Work for free
If you can afford to sustain yourself, this can be an extremely good option to get some experience to put on your CV. Working for free is also an opportunity to build a network, learn the trade and also gives you some great talking points during an interview.
If you have any suggestions or ideas, please feel free to share them in the comments below!
If you’re reading this, there might still be hope.
If you’re thinking of studying finance in the hopes of becoming a day trader or working with investments, please do yourself a huge favour and read this article before you leap headfirst into one of the worst career decisions possible.
This post is going to be quite specific, so if you’re not thinking of doing this, I won’t blame you for skipping this one, although there may be some similarities with your field!
Now that I’ve come out on the other side, I feel as if it is my duty to tell everyone I know that they need to do their research and be sure that the finance qualification is relevant to what they want to do.
This is of course, opinion based on my own experience, and whether you agree or disagree with me, I’d love to hear your thoughts on this in the comments!
If I could have written a letter to my earlier self, this is probably what it would look like:
First of all, congratulations! The future version of you has completed a five year double major in commerce, and now has a near-worthless degree!
Not quite what you were expecting?
Well, it turns out that most proprietary trading firms (prop firms) react something like this to graduates with a finance qualification:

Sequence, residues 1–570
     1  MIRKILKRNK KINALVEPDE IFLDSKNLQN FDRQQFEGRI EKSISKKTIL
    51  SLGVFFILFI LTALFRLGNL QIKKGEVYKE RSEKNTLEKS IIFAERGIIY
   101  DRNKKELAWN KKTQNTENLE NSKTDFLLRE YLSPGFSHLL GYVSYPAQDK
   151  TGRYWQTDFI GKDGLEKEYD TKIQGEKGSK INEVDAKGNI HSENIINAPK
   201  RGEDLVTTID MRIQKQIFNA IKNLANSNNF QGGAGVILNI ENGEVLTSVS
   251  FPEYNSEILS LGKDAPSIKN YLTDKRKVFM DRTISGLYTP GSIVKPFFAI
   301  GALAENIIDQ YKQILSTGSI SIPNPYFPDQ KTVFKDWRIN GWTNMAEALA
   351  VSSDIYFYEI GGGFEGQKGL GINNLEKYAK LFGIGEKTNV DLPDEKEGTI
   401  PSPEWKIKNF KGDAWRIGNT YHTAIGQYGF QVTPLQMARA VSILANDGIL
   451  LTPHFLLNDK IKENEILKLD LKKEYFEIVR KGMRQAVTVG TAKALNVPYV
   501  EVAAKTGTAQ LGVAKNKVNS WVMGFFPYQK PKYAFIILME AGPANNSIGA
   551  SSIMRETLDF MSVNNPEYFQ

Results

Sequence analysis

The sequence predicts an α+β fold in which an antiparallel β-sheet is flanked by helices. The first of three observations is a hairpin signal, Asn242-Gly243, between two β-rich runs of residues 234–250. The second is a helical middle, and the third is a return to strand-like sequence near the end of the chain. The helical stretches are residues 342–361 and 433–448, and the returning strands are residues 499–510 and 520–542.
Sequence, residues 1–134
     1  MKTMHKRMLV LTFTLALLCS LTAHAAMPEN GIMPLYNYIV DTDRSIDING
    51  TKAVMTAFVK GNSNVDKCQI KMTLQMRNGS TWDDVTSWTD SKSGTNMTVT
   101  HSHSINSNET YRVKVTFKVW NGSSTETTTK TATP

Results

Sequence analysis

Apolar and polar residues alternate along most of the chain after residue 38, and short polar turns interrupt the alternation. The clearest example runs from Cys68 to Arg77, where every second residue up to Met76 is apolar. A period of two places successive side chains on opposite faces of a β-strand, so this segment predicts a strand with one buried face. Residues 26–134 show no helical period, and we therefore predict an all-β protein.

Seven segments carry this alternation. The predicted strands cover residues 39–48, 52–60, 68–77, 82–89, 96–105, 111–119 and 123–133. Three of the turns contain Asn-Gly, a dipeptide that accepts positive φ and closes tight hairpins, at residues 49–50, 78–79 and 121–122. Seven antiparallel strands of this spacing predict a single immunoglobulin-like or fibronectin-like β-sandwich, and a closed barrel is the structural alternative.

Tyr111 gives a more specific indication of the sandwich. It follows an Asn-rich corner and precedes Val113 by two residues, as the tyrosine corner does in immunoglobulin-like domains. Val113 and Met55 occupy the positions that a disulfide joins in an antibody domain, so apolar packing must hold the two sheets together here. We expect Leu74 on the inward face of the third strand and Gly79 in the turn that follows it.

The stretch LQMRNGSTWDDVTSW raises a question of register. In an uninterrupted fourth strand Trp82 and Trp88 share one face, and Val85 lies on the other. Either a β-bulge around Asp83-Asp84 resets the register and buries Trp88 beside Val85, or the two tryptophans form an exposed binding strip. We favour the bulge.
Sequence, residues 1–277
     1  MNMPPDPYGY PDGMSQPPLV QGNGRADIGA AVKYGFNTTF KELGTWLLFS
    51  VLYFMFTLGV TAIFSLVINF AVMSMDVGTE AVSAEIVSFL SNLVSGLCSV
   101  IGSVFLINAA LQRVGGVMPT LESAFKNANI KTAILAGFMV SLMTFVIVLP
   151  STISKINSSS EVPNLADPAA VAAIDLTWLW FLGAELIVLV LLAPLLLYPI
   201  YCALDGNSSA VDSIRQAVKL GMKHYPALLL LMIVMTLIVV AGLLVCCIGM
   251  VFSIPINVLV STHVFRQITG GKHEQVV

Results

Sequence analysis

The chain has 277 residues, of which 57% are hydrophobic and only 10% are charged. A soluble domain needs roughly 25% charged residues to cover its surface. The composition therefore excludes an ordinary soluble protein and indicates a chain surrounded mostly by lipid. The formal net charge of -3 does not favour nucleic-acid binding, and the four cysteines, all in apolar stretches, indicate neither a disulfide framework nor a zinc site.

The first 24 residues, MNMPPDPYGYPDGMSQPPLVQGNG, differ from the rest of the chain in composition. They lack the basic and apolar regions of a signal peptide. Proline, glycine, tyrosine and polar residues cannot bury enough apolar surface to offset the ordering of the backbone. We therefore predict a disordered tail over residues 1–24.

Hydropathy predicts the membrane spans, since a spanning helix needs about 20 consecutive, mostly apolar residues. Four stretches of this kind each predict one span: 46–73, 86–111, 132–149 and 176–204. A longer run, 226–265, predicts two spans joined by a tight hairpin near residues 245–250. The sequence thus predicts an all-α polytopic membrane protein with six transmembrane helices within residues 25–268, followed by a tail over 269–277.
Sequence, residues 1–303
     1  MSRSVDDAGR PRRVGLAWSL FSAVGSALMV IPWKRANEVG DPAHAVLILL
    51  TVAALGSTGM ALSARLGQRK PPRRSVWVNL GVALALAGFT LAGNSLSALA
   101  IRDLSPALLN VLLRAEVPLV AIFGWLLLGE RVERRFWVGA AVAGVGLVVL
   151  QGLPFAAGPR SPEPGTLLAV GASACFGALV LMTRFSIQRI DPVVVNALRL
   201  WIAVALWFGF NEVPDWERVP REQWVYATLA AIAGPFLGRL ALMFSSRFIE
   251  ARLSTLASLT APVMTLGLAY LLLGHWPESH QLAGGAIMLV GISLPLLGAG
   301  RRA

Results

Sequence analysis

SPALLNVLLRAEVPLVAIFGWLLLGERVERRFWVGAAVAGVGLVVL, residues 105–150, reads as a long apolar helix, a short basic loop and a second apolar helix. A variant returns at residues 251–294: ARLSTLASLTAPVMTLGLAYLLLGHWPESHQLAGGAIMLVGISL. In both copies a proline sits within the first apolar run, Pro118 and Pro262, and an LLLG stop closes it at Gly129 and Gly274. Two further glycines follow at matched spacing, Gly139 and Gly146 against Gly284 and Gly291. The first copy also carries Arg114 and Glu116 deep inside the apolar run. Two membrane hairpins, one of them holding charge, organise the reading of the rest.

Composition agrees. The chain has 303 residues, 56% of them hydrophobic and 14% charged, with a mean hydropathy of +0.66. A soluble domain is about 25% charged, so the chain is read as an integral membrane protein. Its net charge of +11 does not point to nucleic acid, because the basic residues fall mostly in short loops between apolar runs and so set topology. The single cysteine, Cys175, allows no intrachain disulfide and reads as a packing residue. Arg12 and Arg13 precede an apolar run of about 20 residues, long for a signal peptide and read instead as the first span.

A finance grad! They shriek, waving their arms in terror. Another one! Quick, send them the automated email that says we’re impressed but don’t think they’ll be suitable for this role in particular, but we hope that they’ll apply for future roles!
Okay, I’ll admit, that’s not quite what they do, but in general, they’re not too keen on hiring finance graduates unless you have some serious quantitative skill, which you probably won’t learn from your degree.
Even in what would seem to be a traditionally finance-related career, companies are shunning finance graduates and opting instead for graduates in fields you wouldn’t even have considered as the competition!
Instead, they’re turning to engineers, mathematicians, computer scientists and physicists for positions that you should have been fully qualified for!
I know what you’re about to say (because I’m you):
“Wait, what? But why?”
Allow me, future Sanjay with 20/20 hindsight, to enlighten you.
Companies are well aware that finance graduates are basically irrelevant in today’s ultra-competitive business world, but it’s not entirely the students’ fault.
Graduates are leaving universities armed with a degree that equips them with a blunt dagger, to bring to a battle that is largely fought with the latest in drone technology. And there you are, outclassed and outgunned.
Why am I saying this? When you’re studying a finance degree in today’s world, the universities you study at are still largely living in the 18th century, when Microsoft Excel was all the rage and possessing knowledge of this single program was the gold standard.
They’re still proudly confusing students with irrelevant theories that will remain impractical and unused throughout their future careers.
Future you once asked a lecturer why we were learning material that isn’t applicable in the working world. He said: “Because we don’t have anything else to teach you.” That essentially sums up most commerce degrees.
The nature of the coursework means that students never develop critical thinking and problem solving skills that employers value so highly.
My personal favourite is when universities attempt to pass off common sense knowledge as an almost biblical revelation.
To tell you the truth, the most practical and useful business knowledge can be gained by simply visiting a book store and purchasing any of the bestsellers in the field. You can learn from people who’ve actually done it, rather than learning from a textbook written by an author who gained his knowledge from yet another textbook.
I daresay the knowledge you gain from that $14 paperback will be worth far more than any $70,000 commerce/business degree.